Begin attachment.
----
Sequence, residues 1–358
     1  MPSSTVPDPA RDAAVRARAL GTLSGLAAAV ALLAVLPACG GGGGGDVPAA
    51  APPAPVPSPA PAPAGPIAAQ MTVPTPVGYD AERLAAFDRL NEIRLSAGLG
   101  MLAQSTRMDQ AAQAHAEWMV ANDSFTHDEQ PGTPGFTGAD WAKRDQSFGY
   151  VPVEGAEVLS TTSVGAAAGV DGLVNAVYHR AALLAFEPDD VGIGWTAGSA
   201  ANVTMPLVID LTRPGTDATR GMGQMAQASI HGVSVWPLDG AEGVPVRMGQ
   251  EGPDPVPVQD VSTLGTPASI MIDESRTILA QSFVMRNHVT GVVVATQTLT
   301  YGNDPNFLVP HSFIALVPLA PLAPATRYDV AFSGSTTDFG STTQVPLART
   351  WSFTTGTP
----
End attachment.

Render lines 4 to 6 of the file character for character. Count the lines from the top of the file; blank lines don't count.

   101  MLAQSTRMDQ AAQAHAEWMV ANDSFTHDEQ PGTPGFTGAD WAKRDQSFGY
   151  VPVEGAEVLS TTSVGAAAGV DGLVNAVYHR AALLAFEPDD VGIGWTAGSA
   201  ANVTMPLVID LTRPGTDATR GMGQMAQASI HGVSVWPLDG AEGVPVRMGQ